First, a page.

The Bénédictine Option

Benedictine Option

Photo by Andrea Dahm

If you follow religious cultural discussions, you’ve probably heard of Rod Dreher’s “Benedict Option” in which Christians are admonished to imitate St. Benedict of Nursia and “strategically withdraw” from popular culture to reclaim their identity.

Dreher’s thesis has been attacked unfairly (check out James K.A. Smith’s broadside, a vigorous counterattack, and Dreher’s own deliciously titled response), but it has also been criticized more fairly herehere and here. Accused of not always being the most careful student of history or theology (as he himself humbly admits), Dreher has been taken to task for his misunderstanding of St. Benedict’s achievements and legacy, of the nature of the Church, and of the nature of the polis. Unsatisfied interlocutors have subsequently offered alternatives to the Benedict Option (at least as Dreher has formulated it), and hence there are now calls for the Franciscan Option, the Escriva Option, the [William F.] Buckley Option, and my personal favorite–which involves chopping down oak trees that are sacred to pagans–the Boniface Option (as I call it).

But right or wrong, every good intellectual catchphrase deserves its own drink, which brings me to “The Bénédictine Option,” an ingenious cocktail invented by my friend and estimable philosopher, Clifton Bryant.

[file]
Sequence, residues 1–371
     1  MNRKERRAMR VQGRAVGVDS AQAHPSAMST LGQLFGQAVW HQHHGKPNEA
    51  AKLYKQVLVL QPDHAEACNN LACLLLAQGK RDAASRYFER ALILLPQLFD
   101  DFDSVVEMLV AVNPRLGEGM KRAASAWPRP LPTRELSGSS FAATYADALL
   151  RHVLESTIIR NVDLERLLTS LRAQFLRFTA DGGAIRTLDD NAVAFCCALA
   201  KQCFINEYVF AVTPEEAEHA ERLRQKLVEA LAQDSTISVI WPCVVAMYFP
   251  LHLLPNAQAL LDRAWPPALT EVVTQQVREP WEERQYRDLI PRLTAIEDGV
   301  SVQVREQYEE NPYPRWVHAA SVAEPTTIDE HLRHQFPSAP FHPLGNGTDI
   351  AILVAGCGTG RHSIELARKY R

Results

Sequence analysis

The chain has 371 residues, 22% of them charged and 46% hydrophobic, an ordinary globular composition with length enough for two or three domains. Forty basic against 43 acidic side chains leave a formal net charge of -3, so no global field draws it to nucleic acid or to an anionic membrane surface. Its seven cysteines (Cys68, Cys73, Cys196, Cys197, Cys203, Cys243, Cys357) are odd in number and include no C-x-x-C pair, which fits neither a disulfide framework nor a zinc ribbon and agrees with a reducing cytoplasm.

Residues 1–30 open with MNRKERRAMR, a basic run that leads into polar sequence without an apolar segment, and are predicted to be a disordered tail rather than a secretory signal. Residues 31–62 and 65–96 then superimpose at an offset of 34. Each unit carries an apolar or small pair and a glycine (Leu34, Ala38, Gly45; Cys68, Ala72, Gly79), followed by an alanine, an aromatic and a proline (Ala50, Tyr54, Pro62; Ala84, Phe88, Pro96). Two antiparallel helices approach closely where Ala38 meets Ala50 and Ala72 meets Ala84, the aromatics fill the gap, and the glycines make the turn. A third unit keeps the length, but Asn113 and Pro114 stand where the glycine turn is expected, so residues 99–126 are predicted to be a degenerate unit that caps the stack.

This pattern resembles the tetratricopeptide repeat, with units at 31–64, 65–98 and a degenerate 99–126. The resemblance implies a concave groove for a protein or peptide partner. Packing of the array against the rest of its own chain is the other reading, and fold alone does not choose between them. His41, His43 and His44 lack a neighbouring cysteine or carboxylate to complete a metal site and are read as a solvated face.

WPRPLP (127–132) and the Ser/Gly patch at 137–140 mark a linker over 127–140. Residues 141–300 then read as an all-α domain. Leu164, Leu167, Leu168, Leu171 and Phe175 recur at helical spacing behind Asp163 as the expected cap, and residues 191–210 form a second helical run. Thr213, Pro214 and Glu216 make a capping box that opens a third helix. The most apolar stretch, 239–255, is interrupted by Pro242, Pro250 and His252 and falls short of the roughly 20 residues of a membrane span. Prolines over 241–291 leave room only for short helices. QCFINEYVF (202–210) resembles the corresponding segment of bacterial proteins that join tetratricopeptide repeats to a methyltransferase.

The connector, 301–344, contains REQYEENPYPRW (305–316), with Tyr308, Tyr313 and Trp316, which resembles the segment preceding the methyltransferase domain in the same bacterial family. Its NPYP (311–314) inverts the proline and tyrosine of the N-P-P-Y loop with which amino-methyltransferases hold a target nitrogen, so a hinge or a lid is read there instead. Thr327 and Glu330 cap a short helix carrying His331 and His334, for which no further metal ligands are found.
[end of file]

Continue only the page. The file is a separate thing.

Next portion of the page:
The Bénédictine Option
2 oz. Early Times bourbon
.5 oz. Bénédictine liqueur
dash of orange bitters
orange wedge
Pour all ingredients except orange into a shaker filled with ice and shake forty times. Strain into a cocktail glass and garnish with orange wedge.

As Bryant explains, you’ve got the Bénédictine in honor of St. Benedict; you’ve got a Walker Percy reference (Early Times was Percy’s favorite and Percy, a Benedictine oblate, is a favorite of Dreher); and you’ve got a drink resembling an Old Fashioned in which you have availed yourself of the “option” of using Bénédictine instead of simple syrup. Beautiful.

The Bénédictine Option is the perfect drink after a long day in the strategically-withdrawn bunker and the ideal stimulus for “an intentional and thoughtful retreat into narrativity.” Indeed, the greater the number of Bénédictine Options, the more creative, no doubt, will be the narrativity.

Surprising Drinks for St. Patrick’s Day

Last year we published Irish ideas for observing  St. Patrick’s Day, and while we still stand by those ideas, this year we want to serve St. Patrick’s Day with a twist. Instead of suggesting Irish drinks (good though they be), let us turn to some non-Irish libations that pay tribute to the early life of the man who would go on to drive the snakes from Erin.

For you see, one of the ironies in thinking of St. Patrick’s Day as a holiday for celebrating Irish Identity (as we do here in the U.S.) is that Saint Patrick himself was not Irish. Worse, according to some of his biographers, he may have been (gasp!) English. As a young lad the future Apostle of Ireland was kidnapped off the coast of Great Britain (possibly England, probably Scotland) and made a slave to an Irish chieftain. Patrick eventually escaped, at which point he studied in France, was ordained a priest, commissioned by the Pope to return to Ireland to preach the Gospel, and subsequently consecrated a bishop. It is that side of Patrick, the side that gets neglected amidst all the shiny shamrocks and green beer, that we hereby wish to honor with drinks.

St. Martin of Tours